Australia has opened its international borders, and this could provide the much-needed boost in some of the pandemic-stricken property markets like Melbourne.
CoreLogic head of research Eliza Owen said the return of overseas migration and the subsequent demand for housing are expected to be slow but some of the most impacted markets have already seen green shoots since early last year.
“This was thanks to relatively affordable rents, a decline in total listings, and more recently, temporary migrants such as university students and visitors,” she said.
In fact, data from the Australian Bureau of Statistics show that overseas arrivals reached 195,760 through December 2021, up from 34,670 during the same period last year. Early estimates suggest arrivals in January remained higher.
Short-term arrivals continued to dominate — around 64% if visitors in December remained in Australia for less than a year.
“While priorities for entry to Australia at the end of 2021 were focused on returning Australian citizens and their relations there will no doubt start to be an increase in demand for short-term accommodation,” Ms Owen said.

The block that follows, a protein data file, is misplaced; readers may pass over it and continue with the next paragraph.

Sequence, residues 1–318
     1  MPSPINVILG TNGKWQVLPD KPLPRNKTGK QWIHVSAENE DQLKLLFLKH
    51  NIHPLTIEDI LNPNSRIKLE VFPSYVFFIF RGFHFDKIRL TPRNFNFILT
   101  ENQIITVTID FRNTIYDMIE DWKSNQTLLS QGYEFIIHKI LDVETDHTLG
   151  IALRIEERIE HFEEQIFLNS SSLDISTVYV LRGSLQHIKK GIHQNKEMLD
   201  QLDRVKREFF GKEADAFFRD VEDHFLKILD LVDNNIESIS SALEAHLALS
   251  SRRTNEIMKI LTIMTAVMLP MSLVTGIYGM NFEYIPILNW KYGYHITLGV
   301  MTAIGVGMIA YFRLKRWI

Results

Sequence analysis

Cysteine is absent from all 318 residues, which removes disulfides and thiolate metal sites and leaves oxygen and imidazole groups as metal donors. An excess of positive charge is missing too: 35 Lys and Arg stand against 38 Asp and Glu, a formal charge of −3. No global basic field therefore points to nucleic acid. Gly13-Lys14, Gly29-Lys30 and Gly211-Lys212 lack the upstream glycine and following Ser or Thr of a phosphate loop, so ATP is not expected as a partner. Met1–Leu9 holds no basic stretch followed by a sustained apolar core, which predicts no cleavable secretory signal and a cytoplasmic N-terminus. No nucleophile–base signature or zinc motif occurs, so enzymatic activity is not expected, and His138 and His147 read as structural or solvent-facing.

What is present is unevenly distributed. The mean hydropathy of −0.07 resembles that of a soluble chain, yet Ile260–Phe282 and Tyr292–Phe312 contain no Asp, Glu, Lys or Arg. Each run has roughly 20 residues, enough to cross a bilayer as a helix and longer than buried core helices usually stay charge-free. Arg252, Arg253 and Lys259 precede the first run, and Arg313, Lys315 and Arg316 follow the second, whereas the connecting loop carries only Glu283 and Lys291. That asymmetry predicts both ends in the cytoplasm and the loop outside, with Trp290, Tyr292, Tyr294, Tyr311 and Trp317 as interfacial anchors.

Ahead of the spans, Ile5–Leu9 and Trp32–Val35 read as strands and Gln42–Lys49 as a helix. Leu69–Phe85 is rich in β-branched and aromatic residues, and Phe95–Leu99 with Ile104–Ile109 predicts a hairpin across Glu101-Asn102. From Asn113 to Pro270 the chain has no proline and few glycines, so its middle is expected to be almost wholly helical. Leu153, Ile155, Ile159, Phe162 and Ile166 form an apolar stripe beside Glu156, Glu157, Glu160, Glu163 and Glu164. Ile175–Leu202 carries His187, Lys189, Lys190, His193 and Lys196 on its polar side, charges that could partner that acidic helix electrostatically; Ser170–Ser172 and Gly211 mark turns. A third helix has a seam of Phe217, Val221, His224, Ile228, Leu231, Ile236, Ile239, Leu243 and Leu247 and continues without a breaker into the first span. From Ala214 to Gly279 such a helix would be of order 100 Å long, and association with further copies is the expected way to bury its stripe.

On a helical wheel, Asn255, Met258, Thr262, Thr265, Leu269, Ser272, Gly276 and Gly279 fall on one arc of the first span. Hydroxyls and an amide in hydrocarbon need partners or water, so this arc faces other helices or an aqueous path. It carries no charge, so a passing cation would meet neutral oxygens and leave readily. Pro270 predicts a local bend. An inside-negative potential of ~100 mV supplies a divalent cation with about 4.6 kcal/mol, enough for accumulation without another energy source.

“This will mean a lift of occupancy rates and revenue across the short-term accommodation rental market and commercial accommodations, albeit off recent lows.”
Popular tourism destinations in Sydney, Melbourne, and Brisbane and regional locations such as Cairns and regional Tasmania are set to benefit from this trend.
Still, it is notable that in recent months, there has been a relatively high proportion of student visa entrants, in preparation of the intake of Australian universities.
“Rental demand from this cohort of migrants is likely to be most concentrated across the inner-city precincts of the capital cities and within close proximity to academic hubs,” Ms Owen said.
Ms Owen explained that for most overseas migrants, it is common to experience a “tenure cycle”, which begins with renting and shared accommodation, with the likelihood of homeownership increasing with their time in Australia.
This means that the recent arrivals to Australia are most likely to be renting.
“Looking forward, the return in overseas migration would most benefit the Melbourne – Inner region,” Ms Owen said.
“It is also noteworthy that a decline in migration through the COVID period may eventually flow through to a lower demand in purchases where overseas migrants would otherwise be further along in their tenure cycle.”
Meanwhile, Ms Owen said there could be a shift in housing preferences for skilled migrants as the post-COVID conditions unfold.
Data from the Department of Home Affairs showed that 12.9% of skilled visas granted in the second half of 2021 were for arrivals to Queensland, up from an average of 11.5% in the three years to June 2019.
“It is interesting to note that the rise of popularity of regional Australia and South East Queensland domestically may eventually attract greater employment opportunities, business entries, and overseas migrants to these same locations,” Ms Owen said.
Photo by @lfcsfilipesousa on Unsplash.